Today was our last full day to be in Paris, and we did not have too much more left that we wanted to see. We had planned accordingly from the beginning so we were not going to be running from one side of the city to the next trying to fit in our last sights.
We had three things on the agenda for the day: Sacre Coeur, Pere-Lachaise Cemetery, and Red Light District. We slept in a few extra minutes because we knew we didn't have a jam packed day. We headed out of the apartment around 10:30am for the metro to the 18th district which would have been a 3.3 mile walk.
Sacré-Cœur - The Basilica of the Sacred Heart of Paris
Sacre Coeur sits atop a big hill called Montmartre. It is the best place to go to get a view of all of Paris. You can take amazing picture if the visibility is right. Getting into the church is free, and photography without a flash is allowed. The picture I posted a few weeks ago of Paris has Sacre Coeur in the background...
|That is Sacre Coeur in the background.|
Source of photo: http://www.3jokes.com/gallery/v/Wallpapers/France_Wallpapers/The+Sacred-Heart+Basilica+in+the+Distance_+Montmartre_+Paris_+France.jpg.html
A group of African guys stands around with string. Some of them are nicer than others. The nice ones call you out and ask to see your wrist. The not so nice ones will grab your wrist without asking first. Either way, they place string on your wrist and make a bracelet and then demand payment for it. To avoid the scam, keep your hands close by your side. If one approaches you, politely but assertively say "Non, merci." If you really want a bracelet, you can find one on the ground for free that was thrown there by someone who was unable to get away. Also, you can avoid more of these men by taking the funicular up the hill rather than taking the stairs.
Luke and I got off the metro and followed the signs for Montmartre. We could see that there was a hill on our left as we walked by some stairs but no sign of Sacre Coeur. As we turned one of the corners, we could see crowds of people and then we saw the Basilica. We took a look at the hill and stairs and decided that it would not be difficult for us to climb. It was like 200 steps... no biggie! As I was looking at the stairs... here we go...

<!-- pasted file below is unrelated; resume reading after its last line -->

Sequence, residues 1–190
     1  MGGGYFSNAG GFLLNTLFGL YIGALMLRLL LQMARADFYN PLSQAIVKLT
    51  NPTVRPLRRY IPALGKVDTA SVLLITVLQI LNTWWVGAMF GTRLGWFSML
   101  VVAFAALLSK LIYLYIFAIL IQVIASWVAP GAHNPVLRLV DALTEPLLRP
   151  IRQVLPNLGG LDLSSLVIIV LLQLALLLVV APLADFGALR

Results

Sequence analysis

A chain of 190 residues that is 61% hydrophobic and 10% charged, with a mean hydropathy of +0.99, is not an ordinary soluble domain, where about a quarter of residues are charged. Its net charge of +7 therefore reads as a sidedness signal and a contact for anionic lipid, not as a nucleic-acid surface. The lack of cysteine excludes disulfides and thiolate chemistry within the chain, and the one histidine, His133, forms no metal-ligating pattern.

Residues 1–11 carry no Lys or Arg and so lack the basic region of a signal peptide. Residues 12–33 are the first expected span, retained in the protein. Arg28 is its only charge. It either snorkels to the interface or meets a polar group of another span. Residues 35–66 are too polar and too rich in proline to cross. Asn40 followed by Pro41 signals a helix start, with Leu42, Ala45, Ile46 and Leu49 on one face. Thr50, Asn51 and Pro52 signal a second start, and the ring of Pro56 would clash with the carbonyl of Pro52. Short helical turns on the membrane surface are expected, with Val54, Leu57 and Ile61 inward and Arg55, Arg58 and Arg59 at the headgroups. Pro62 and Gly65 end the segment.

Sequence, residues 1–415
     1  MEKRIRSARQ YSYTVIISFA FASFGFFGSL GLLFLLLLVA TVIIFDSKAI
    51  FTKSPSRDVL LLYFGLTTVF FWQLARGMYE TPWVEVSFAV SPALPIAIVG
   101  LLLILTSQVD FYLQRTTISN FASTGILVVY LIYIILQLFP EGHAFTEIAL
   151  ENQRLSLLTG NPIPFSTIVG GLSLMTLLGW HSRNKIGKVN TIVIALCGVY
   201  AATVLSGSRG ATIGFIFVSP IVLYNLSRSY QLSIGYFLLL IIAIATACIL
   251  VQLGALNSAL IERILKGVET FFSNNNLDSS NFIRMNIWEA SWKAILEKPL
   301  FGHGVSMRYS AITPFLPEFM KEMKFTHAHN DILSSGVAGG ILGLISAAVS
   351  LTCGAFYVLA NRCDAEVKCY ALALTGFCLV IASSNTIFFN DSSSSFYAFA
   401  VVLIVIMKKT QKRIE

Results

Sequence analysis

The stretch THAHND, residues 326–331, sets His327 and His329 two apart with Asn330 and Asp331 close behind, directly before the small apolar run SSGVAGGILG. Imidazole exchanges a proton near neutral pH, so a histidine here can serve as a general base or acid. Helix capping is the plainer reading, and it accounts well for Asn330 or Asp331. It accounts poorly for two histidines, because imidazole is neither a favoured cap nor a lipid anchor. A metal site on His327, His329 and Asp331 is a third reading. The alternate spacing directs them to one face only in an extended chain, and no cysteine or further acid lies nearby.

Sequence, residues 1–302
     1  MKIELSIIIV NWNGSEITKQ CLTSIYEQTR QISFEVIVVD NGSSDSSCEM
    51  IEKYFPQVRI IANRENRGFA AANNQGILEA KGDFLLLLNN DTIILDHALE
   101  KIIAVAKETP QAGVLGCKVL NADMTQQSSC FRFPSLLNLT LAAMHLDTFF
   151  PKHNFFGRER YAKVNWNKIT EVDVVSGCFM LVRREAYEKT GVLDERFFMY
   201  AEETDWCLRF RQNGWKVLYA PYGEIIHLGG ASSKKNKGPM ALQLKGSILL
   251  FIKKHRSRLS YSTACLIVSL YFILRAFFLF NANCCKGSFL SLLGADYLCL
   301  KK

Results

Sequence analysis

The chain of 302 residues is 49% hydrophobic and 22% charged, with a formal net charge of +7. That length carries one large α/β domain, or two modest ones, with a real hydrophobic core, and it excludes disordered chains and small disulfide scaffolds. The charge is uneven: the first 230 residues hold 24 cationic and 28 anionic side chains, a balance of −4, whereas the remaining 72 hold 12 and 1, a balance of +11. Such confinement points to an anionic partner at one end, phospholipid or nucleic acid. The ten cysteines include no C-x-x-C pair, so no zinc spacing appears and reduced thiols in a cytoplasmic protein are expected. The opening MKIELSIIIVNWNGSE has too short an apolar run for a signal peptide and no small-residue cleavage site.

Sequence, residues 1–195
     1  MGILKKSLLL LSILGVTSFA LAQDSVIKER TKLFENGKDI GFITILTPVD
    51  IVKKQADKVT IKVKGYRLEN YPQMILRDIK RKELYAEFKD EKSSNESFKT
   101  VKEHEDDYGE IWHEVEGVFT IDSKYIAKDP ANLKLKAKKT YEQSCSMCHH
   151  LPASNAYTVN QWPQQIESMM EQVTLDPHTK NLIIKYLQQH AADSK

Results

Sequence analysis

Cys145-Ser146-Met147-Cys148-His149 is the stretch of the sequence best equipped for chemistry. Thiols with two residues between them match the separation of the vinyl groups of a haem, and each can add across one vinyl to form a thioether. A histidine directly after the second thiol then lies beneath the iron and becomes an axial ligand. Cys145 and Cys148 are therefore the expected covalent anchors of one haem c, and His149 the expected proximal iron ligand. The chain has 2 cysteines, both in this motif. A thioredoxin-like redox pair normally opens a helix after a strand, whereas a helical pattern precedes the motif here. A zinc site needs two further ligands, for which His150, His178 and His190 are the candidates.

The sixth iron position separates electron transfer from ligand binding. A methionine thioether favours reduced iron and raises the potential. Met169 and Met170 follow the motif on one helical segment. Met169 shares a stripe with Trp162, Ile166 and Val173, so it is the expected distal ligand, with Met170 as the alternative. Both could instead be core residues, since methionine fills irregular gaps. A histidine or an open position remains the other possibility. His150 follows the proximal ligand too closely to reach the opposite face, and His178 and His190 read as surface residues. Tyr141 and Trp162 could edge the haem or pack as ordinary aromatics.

A group of them getting ready to pounce!Guy: "Good morning, ma'am."
Me: "No. No."
Me: "No. No. No. No. No."
YES! Debbie 1 - Scammer 0. Take that bracelet man! And actually, that was the only bracelet man encounters I had. I was very surprised! At the very base, we saw loads of bracelet men standing around and holding their string. There are a few section of stairs, so you can stop and take pictures as you go up and each level had a few more men. When Luke and I decided to make our way up the stairs from level 1, we saw a poor Asian boy getting "attacked" by one of the guys. The poor boy (he was around 18ish) was telling them he already had one and was so frustrated. I felt really bad for him. I tried to keep my eyes on the prize (the top of the stairs) with my hands in my pockets and just zoomed straight up. Literally. When we got to the top, Luke asked why I went so fast.
It was a beautiful day!!! Colder than the other days, but lots of sun!
tons of people!
(no pictures from inside because of mass)
view from the top of the stairsAfter we left the church, we walked around the backside to take some pictures. There are also a few areas around the left side of the church with shops and street vendors selling artwork and drawing pictures.
Luke and I found some stairs that took us back down to the base of the hill. Even though these stairs would help visitors avoid the bracelet guys, you don't get the same views as the stairs in the front, so I am glad we went the hard way. We decided that since we weren't far from it, we would walk to see the famous Moulin Rouge.